Relative, either by common ancestry or by marriage. Kinsman has special reference to a male relative. There are several words in the original Bible languages having the following meanings and usages.
Go·ʼel’ (from Hebrew ga·ʼalʹ, meaning “to redeem” or “to buy back”) has reference to the nearest male relative with the right of a repurchaser or an avenger of blood. Willful murderers were to be put to death by the “avenger of blood.” (Num. 35:16-19) Boaz’ relationship to Naomi and Ruth was as a “repurchaser.” (Ruth 2:20; 3:9, 12, 13; 4:1, 3, 6, 8, 14) Jehovah himself, the Great Father or Life-giver, is both an Avenger and a Repurchaser for his servants.—Ps. 78:35; Isa. 41:14; 43:14; 44:6, 24; 48:17; 54:5; 63:16; Jer. 50:34.
Sheʼerʹ (Hebrew, meaning “flesh”) has reference to a fleshly relative or blood relative. God’s laws forbade having sexual relations with a close “blood relation,” such as one’s aunt. (Lev. 18:6-13; 20:19) If a fellow Israelite fell into debt to an alien, then a brother, an uncle, a cousin or any other “blood relative,” could buy him back. (Lev. 25:47-49) Or if one died having no sons, daughters, brothers or uncles, then the next closest “blood relation” received the inheritance.—Num. 27:10, 11.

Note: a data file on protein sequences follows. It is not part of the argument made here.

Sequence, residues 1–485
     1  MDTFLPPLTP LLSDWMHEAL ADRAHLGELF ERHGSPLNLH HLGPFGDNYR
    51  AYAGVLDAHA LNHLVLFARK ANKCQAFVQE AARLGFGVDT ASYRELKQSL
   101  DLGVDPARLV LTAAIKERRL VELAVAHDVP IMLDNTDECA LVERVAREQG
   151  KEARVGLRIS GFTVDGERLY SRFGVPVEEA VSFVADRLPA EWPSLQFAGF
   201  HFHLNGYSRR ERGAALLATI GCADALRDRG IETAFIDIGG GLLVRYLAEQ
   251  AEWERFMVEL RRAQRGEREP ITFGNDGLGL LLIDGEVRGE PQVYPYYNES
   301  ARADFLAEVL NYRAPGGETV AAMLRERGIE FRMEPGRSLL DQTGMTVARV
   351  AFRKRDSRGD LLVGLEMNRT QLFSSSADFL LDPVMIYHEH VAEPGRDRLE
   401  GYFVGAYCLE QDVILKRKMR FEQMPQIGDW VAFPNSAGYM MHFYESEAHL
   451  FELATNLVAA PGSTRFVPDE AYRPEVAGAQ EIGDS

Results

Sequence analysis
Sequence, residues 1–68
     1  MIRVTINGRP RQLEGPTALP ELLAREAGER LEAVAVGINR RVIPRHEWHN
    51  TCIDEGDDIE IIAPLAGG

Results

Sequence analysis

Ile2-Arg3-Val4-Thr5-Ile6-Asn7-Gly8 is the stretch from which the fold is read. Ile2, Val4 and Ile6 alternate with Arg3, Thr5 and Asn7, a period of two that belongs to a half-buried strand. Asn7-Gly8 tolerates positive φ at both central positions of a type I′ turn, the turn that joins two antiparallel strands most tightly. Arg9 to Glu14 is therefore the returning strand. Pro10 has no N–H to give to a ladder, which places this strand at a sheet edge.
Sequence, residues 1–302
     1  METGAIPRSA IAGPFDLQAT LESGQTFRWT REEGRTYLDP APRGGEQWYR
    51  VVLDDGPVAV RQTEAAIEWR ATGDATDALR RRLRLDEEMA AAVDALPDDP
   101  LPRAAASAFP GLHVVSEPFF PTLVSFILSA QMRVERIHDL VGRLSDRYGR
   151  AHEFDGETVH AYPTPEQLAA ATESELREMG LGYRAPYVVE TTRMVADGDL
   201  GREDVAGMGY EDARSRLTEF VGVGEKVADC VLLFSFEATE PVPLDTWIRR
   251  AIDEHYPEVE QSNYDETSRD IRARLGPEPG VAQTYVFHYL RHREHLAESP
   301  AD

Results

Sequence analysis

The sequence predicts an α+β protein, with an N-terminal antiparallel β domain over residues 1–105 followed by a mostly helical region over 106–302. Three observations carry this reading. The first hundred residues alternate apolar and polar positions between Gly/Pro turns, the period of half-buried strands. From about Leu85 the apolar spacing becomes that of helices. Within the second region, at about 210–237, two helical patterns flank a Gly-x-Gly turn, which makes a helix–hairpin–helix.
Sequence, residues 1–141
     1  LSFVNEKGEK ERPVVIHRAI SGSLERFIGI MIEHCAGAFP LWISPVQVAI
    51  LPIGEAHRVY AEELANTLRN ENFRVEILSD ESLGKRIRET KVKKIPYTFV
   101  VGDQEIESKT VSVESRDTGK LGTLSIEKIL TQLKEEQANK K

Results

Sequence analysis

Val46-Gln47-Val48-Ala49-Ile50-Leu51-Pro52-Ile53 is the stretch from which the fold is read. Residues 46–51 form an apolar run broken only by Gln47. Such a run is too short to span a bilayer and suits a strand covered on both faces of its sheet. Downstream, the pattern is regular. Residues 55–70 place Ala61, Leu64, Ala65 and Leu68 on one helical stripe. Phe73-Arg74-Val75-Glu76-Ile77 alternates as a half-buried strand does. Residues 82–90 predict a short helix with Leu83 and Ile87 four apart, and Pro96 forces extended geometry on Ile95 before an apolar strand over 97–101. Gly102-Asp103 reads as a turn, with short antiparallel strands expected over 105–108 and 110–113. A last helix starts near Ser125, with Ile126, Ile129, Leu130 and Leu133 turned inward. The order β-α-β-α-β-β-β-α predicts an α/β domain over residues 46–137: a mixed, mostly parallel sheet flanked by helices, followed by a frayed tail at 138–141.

Qa·rohvʹ (Hebrew, meaning “near”) includes, not only one closely related, but also an intimate acquaintance. If a brother became so poor that he had to sell his possessions, then one “closely related” had to buy them back for him. (Lev. 25:25) Job grieved that his “intimate acquaintances” had left him, and David lamented that his “close acquaintances” also stood aloof.—Job 19:14; Ps. 38:11.
Ya·dhaʽʹ (Hebrew, meaning to “know,” “to be acquainted”) could mean a kinsman or just an acquaintance. Naomi had a “kinsman of her husband” named Boaz. Jehu executed all of Ahab’s house including his “acquaintances.”—Ruth 2:1; 2 Ki. 10:11.
In the Christian Greek Scriptures we find syg·ge·nesʹ (kin, relative), meaning a relative by blood, but it is never used in speaking of the relation between parents and children. Following this rule, note that Jesus said to his followers: “You will be delivered up even by parents and brothers and relatives [syg·ge·nonʹ] and friends.” (Luke 21:16) When the twelve-year-old Jesus was missing, his parents began looking for him among the “relatives.” (Luke 2:44) When you spread a feast, Jesus counseled, do not invite your “relatives” who could pay you back, but, rather, the poor people. (Luke 14:12-14) When Peter brought the good news of salvation to Cornelius his “relatives” were also present. (Acts 10:24) Paul, in his letter to the Romans, referred to the Israelites as well as a number of individuals as his “relatives.”—Rom. 9:3; 16:7, 11, 21.